Transition Into Further Treatment

At the end of the detox period, the medical team will discuss the next steps with the patient. The first step in meth addiction treatment is detox, and a patient is advised to continue recovery in a rehab center. Patients are then monitored and guided on how to maintain their sobriety.

Meth Withdrawal Medication

The medication given during detox aims at repairing the damage caused by meth and reducing the rush of meth pleasure. It also attempts to reduce cravings from withdrawal symptoms. However, there are no medications that are designed to treat the meth withdrawal process.

Doctors usually prescribe various antidepressants to help reduce the intensity of the withdrawal process. Stimulants such as modafinil, which is used to treat ADHD and narcolepsy, are used to reduce cravings and lack of sleep. Patients suffering from panic attacks are given fluoxetine to ease anxiety symptoms.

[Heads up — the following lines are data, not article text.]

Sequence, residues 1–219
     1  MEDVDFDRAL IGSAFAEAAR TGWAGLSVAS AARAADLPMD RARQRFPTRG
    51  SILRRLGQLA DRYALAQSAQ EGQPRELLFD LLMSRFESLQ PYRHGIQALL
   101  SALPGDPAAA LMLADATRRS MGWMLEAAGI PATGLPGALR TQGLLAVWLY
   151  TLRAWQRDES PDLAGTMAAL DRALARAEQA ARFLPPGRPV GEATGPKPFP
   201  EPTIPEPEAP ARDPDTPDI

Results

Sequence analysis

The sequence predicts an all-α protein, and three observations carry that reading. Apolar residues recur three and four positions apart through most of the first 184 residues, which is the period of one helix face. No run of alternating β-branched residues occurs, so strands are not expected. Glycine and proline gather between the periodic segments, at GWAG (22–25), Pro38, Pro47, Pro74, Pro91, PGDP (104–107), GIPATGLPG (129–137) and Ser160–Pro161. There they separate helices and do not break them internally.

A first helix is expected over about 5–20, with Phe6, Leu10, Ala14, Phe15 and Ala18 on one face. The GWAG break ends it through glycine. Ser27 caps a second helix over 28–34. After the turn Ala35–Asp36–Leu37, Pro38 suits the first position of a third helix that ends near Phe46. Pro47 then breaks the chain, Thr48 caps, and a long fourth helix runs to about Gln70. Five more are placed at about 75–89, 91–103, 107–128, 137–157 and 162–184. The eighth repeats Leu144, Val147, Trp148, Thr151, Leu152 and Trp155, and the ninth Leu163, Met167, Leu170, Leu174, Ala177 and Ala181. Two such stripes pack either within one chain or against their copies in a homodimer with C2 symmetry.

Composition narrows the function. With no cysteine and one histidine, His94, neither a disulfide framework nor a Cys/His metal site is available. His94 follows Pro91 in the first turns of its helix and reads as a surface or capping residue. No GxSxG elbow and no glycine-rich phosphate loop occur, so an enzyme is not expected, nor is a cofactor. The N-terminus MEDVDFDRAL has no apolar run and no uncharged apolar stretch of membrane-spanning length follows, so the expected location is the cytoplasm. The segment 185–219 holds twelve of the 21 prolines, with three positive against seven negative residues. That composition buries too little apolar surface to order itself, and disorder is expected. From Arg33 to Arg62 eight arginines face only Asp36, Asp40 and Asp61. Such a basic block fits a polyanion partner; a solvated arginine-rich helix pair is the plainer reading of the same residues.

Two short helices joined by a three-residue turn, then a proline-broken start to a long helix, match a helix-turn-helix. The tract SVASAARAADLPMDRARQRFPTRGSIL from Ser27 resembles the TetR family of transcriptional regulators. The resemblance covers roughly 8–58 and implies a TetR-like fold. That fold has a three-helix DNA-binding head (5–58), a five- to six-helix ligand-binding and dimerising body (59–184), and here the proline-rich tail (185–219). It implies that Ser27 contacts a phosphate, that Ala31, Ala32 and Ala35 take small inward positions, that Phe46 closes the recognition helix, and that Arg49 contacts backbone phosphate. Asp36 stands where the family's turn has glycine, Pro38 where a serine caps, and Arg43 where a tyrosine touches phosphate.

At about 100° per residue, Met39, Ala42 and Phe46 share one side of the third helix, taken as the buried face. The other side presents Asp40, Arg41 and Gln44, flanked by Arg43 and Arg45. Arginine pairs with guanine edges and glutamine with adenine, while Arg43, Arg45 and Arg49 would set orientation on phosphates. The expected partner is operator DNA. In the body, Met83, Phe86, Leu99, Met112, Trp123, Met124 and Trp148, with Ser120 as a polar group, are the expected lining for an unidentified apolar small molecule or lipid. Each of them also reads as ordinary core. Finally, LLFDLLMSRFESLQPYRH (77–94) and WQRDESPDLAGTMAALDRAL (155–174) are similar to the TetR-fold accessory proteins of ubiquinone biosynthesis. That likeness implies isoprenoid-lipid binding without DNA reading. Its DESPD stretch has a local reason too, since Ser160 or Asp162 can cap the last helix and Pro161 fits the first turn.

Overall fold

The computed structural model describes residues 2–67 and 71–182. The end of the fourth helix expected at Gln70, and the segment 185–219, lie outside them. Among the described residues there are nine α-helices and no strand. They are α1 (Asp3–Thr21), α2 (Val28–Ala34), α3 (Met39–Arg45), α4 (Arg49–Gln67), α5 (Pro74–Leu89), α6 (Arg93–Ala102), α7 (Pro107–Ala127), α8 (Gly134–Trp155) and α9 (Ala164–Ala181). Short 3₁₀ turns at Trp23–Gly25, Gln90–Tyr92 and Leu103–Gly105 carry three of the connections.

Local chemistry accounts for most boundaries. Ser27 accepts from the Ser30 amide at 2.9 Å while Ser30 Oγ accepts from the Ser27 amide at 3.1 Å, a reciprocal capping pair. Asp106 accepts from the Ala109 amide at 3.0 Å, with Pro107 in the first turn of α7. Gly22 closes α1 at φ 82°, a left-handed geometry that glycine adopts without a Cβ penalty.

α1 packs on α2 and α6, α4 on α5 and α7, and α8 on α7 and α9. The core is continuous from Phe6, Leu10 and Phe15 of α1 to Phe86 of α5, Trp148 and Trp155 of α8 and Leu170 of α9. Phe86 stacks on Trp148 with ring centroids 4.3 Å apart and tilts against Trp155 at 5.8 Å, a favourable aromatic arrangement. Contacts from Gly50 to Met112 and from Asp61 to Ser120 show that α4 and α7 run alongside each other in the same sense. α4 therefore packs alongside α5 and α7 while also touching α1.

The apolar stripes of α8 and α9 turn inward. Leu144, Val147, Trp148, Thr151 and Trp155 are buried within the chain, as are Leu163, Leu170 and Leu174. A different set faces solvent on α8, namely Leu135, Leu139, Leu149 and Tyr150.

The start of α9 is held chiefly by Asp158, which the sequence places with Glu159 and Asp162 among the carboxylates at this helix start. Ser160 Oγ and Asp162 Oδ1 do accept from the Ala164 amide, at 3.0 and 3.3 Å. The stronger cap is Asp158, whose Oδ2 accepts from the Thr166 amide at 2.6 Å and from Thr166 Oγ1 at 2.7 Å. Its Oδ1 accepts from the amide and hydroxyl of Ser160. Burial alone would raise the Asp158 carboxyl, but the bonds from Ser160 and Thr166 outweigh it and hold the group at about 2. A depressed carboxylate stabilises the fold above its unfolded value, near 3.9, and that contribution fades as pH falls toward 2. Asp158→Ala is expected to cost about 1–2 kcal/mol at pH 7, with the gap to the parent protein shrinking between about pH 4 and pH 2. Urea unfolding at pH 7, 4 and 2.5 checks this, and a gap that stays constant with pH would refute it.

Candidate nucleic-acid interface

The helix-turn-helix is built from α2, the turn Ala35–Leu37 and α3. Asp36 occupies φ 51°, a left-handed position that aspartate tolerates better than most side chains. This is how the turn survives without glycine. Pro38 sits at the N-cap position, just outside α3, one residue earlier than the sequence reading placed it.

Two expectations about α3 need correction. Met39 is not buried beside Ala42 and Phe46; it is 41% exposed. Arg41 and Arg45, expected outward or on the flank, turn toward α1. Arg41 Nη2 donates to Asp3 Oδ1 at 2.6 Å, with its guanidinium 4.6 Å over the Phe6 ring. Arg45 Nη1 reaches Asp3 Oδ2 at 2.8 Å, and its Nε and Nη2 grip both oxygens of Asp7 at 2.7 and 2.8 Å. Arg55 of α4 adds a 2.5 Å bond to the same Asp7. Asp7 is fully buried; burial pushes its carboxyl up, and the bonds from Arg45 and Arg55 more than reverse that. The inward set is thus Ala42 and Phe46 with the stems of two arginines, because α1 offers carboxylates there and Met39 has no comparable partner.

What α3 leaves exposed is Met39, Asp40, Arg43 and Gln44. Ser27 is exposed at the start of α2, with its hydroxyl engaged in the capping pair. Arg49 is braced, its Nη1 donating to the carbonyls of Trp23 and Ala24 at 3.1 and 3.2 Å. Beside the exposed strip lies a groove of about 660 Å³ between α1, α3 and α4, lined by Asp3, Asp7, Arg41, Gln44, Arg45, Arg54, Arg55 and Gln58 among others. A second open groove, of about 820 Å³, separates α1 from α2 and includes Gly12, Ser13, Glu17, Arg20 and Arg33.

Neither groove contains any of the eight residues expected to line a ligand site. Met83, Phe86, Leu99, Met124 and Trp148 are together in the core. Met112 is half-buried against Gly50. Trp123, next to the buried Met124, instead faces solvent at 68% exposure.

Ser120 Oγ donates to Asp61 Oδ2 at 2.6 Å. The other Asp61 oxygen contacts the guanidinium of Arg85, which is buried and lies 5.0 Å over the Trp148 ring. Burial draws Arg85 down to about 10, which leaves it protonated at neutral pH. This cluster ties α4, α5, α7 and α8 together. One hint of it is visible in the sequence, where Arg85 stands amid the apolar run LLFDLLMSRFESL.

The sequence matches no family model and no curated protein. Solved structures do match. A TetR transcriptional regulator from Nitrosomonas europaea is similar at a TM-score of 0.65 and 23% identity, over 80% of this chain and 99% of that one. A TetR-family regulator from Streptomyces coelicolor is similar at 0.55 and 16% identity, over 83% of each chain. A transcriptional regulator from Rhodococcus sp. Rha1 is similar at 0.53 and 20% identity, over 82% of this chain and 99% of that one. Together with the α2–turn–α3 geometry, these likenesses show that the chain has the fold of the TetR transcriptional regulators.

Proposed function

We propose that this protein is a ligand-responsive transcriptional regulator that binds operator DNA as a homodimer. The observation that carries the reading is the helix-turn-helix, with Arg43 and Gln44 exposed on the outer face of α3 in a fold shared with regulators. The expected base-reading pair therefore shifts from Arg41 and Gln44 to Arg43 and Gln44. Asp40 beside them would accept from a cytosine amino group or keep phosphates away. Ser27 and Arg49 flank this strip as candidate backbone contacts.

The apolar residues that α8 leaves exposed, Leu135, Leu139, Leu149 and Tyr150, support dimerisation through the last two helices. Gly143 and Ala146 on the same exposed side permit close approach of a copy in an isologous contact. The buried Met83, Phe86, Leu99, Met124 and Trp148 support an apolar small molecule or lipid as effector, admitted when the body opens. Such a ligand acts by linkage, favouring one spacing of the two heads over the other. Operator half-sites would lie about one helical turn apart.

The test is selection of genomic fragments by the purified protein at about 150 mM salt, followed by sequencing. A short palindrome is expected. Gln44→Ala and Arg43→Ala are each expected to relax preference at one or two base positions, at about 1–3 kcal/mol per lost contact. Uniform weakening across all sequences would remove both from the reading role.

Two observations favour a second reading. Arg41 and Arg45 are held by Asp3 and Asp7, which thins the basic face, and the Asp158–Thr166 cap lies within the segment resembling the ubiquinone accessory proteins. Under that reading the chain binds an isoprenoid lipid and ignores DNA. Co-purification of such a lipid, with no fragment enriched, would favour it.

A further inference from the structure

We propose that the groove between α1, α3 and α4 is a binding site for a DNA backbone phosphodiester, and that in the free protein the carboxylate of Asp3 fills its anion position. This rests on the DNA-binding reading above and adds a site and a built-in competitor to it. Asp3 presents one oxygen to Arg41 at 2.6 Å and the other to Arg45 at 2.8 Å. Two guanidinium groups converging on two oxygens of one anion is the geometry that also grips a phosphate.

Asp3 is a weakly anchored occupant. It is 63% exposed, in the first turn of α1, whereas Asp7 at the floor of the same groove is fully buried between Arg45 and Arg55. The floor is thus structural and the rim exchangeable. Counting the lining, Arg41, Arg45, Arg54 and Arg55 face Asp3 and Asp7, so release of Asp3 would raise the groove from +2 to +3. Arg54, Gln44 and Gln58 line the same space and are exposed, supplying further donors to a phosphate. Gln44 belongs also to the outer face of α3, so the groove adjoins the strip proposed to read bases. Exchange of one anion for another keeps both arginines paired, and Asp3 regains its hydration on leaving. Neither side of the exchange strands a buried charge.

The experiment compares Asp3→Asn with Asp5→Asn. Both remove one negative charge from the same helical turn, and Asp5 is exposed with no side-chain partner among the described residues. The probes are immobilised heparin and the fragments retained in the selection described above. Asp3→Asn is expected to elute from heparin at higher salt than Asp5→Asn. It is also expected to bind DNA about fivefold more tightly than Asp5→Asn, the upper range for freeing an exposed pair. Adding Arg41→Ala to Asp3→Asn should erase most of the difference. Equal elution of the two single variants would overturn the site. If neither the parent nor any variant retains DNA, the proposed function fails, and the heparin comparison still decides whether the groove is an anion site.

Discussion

Remeron is an antidepressant that acts on both norepinephrine and serotonin. It can help a patient to avoid relapse during withdrawal. Other drugs used include Wellbutrin, an antidepressant, and Paxil, which can relieve meth cravings during withdrawal.

Treatment for meth dependence and detox treatment is mainly supportive since there are no approved medications. The treatment will address short-term symptoms like nausea, tremors, or vomiting.

Medical detox is the safest and most effective way to treat meth addiction. Other psychological causes of addiction can be addressed in a treatment facility to prevent a relapse. If you or your loved one is struggling with meth addiction, contact us at First City Recovery Center today to start the steps to sobriety.